Capitals vs. Hurricanes: PHT 2019 Stanley Cup Playoff Preview

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As far as storylines go, Capitals vs. Hurricanes is up there for Round 1 of the 2019 Stanley Cup Playoffs. At minimum, no two teams do the epilogue/final scene celebrating with ewoks better than these two teams.

First, you have Washington, the favorites. They didn’t just finally break their playoff curse last year; they also celebrated to the point that you basically need to fill in the blanks with “scene missing” screens.

The Hurricanes, meanwhile, basically had an on-ice party after every home win via the “Storm Surge,” to the point that broadcasts would linger in Carolina to find out what they’d cook up (or reel in) next. Eventually, the storm built to the point where they had to eventually shut it down, for some combination of wanting to looking serious and maybe they also ran out of ideas.

Can the hockey of the Capitals and Hurricanes top those things? Tall task, but it will be fun to watch them try.

[NBC 2019 STANLEY CUP PLAYOFF HUB]

SCHEDULE
Thursday, April 11, 7:30 p.m.: Hurricanes @ Capitals | USA, SN360, TVA Sports
Saturday, April 13, 3 p.m.: Hurricanes @ Capitals | NBC, SN, TVA Sports
Monday, April 15, 7 p.m.: Capitals @ Hurricanes | CNBC, SN, TVA Sports
Thursday, April 18, 7 p.m.: Capitals @ Hurricanes | SN360, TVA Sports
*Saturday, April 20, TBD: Hurricanes @ Capitals | TBD
*Monday, April 22, TBD: Capitals @ Hurricanes | TBD
*Wednesday, April 24, TBD: Hurricanes @ Capitals | TBD

FORWARDS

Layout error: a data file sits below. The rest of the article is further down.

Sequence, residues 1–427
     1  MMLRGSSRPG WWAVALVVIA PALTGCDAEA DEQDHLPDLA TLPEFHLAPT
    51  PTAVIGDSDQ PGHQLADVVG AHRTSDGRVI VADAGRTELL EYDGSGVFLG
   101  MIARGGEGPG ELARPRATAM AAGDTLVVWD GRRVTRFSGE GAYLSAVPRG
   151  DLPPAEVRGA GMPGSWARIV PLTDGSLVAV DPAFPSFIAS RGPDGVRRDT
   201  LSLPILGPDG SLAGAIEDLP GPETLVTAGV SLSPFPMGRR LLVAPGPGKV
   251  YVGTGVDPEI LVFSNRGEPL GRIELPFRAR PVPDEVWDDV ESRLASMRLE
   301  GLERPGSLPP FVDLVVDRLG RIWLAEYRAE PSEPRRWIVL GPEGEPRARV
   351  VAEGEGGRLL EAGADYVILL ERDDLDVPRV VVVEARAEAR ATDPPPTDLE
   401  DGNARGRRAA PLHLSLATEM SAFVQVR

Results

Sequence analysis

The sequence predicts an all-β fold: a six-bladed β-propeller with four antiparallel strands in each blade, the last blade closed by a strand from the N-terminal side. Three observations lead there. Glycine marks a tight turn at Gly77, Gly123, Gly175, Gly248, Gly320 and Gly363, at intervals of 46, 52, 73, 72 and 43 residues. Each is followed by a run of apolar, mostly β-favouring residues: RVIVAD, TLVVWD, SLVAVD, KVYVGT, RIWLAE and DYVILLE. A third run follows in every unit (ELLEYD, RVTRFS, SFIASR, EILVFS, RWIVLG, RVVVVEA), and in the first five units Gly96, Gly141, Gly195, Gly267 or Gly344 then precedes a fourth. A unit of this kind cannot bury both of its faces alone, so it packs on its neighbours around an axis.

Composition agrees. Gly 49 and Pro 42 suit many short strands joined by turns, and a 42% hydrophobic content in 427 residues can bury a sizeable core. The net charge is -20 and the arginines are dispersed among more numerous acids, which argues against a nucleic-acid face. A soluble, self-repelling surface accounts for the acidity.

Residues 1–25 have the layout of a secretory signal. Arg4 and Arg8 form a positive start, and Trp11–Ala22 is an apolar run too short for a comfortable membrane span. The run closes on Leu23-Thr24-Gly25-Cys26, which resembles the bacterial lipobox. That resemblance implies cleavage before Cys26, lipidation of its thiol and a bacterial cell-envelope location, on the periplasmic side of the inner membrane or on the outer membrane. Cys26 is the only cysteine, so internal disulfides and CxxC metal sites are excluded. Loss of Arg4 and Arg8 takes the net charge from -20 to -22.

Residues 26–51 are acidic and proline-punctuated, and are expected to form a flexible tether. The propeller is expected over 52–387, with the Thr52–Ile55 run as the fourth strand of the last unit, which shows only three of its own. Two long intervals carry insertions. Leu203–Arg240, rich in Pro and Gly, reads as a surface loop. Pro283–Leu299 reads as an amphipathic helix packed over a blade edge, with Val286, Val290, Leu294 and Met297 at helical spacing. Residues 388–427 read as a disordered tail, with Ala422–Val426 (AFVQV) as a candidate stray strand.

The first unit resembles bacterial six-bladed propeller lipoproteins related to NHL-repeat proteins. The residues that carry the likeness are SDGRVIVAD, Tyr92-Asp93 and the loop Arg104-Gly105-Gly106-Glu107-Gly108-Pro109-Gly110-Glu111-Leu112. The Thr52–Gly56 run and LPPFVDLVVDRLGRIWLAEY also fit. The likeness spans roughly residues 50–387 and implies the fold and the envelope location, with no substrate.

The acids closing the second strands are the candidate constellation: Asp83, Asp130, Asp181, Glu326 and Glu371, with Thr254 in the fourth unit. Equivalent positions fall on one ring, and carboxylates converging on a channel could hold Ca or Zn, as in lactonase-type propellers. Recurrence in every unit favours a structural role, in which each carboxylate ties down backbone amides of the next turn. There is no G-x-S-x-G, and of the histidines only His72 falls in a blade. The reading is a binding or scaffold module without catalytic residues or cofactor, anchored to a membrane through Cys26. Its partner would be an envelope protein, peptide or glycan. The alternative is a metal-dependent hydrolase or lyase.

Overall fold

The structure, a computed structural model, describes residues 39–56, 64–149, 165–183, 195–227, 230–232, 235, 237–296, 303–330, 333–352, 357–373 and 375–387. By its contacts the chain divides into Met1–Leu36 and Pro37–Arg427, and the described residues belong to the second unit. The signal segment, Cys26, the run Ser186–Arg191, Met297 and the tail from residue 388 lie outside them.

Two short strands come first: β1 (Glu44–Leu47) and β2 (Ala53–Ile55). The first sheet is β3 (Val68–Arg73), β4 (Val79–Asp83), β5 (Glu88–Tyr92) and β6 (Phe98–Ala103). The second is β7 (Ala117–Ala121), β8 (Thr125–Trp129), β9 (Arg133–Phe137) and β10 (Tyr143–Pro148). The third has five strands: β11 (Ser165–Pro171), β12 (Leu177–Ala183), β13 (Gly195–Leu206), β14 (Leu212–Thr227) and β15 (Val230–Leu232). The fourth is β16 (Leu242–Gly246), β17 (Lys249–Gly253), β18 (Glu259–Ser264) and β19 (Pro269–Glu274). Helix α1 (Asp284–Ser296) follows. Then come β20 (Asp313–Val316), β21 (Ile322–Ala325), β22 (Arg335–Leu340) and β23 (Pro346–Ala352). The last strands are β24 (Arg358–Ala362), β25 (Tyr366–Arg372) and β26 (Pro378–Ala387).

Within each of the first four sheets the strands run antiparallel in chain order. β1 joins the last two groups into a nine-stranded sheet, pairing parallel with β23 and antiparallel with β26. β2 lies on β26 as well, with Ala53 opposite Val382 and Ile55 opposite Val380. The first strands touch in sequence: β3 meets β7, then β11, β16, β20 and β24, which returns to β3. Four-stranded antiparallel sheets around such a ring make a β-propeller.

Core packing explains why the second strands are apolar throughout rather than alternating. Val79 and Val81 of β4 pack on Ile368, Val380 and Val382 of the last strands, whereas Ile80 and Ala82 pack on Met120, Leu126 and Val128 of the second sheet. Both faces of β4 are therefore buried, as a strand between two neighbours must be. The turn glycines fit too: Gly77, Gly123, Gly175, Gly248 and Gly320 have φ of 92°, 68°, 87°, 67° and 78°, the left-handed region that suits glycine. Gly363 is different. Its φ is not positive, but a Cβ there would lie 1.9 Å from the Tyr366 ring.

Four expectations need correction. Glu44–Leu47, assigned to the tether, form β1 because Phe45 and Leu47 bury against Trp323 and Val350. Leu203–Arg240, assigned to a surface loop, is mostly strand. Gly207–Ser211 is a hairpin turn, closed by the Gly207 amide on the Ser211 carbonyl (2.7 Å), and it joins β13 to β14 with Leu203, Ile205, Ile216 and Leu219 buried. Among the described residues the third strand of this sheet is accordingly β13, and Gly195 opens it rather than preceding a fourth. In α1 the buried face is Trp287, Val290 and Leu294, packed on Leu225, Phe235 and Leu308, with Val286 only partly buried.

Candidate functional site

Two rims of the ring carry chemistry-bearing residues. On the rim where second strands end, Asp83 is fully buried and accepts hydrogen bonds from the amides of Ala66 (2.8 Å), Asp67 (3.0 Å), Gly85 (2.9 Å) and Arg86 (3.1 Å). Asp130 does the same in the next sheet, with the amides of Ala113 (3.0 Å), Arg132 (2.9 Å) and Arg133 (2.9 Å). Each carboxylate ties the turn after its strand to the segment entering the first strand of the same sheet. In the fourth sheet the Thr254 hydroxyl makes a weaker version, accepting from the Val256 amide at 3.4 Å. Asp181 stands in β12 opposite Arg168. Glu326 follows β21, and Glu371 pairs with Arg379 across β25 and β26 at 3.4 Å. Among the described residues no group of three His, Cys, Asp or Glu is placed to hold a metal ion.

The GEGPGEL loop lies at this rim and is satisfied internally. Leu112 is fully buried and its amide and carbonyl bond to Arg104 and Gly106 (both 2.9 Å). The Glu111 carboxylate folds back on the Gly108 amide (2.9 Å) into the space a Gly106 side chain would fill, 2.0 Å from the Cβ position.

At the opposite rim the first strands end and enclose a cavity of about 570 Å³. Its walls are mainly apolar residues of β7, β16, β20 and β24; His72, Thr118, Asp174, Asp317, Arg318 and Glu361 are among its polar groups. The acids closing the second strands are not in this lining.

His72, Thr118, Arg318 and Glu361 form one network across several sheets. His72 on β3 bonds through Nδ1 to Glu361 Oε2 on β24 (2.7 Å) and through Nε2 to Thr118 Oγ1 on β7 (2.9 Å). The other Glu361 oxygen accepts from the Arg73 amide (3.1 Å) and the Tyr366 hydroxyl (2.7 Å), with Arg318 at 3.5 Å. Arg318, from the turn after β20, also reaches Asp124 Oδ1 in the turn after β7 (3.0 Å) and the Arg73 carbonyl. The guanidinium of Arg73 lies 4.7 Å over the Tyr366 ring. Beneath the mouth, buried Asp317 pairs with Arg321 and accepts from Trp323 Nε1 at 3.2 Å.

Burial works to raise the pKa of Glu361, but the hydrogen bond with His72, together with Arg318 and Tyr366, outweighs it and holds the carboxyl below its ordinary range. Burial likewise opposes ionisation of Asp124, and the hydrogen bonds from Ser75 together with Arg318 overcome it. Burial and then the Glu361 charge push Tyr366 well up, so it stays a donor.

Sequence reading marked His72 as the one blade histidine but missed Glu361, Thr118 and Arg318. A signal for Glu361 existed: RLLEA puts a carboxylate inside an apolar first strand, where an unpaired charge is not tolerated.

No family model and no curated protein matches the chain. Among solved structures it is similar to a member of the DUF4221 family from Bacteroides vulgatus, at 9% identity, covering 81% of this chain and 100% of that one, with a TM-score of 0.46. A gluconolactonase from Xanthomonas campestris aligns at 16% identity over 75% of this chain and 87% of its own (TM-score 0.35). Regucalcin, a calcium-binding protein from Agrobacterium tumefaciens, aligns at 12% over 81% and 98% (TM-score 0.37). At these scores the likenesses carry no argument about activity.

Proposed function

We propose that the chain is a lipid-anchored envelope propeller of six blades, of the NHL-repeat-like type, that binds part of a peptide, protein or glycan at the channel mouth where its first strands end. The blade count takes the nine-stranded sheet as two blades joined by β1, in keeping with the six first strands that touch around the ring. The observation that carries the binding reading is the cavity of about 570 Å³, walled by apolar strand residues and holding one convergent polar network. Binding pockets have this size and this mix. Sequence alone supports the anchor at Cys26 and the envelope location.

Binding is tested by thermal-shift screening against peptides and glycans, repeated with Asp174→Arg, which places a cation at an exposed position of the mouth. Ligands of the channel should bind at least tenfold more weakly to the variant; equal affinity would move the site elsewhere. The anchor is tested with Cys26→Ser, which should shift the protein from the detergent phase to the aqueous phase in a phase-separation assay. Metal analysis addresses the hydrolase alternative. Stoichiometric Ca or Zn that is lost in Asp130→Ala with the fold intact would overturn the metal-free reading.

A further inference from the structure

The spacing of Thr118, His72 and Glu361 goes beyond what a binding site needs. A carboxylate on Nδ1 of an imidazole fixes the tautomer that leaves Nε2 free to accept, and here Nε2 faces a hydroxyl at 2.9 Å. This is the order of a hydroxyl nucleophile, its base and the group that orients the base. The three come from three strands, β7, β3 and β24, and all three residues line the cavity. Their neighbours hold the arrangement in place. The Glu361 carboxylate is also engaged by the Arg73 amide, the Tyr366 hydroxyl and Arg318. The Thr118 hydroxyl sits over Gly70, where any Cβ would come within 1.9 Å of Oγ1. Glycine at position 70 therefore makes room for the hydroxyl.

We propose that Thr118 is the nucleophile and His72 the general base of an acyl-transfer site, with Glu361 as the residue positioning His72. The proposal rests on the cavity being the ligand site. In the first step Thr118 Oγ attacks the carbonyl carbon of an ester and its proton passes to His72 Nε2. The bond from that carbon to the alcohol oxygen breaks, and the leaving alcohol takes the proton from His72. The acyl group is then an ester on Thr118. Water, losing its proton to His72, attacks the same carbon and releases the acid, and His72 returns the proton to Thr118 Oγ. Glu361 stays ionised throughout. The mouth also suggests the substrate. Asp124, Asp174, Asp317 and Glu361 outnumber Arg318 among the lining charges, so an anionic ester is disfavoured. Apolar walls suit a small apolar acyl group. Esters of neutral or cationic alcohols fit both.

CAPITALS: If you paid attention to last year’s run … or, really, hockey in general, you probably know most of the deal.

Alex Ovechkin is the headliner, and he didn’t disappoint in 2018-19, winning his eight Maurice Richard Trophy with 51 goals. He’s joined by two stellar centers in Nicklas Backstrom and Evgeny Kuznetsov, along with T.J. Oshie and professional disturber Tom Wilson. (Wilson, by the way, justified that fat extension with 22 goals and 40 points despite being limited to 63 games.)

The scary thing is that you can argue this is a deeper group. Jakub Vrana‘s had a nice year, scoring 24 goals and 47 points. Brett Connolly might be the bargain to target in free agency this summer, as he scored 22 goals and 46 points despite averaging just 13:20 TOI per game. Even frequent doghouse resident Andre Burakovsky cannot be disregarded as a former first-rounder (23rd overall in 2013).

As a team, the Capitals are a group that tends to shoot at high percentages, making middling possession stats easy to stomach — and this isn’t a fluke, they’ve been doing this for years. Which brings us to …

HURRICANES: A group that, from forwards to defense, always made “fancy stats” people swoon, yet could never break through to the playoffs. While the Capitals made the most of every shot to a near-extreme, the Hurricanes have been posterchildren for quantity over quality. At least, that’s how it seemed.

Things have really started to come together lately, though.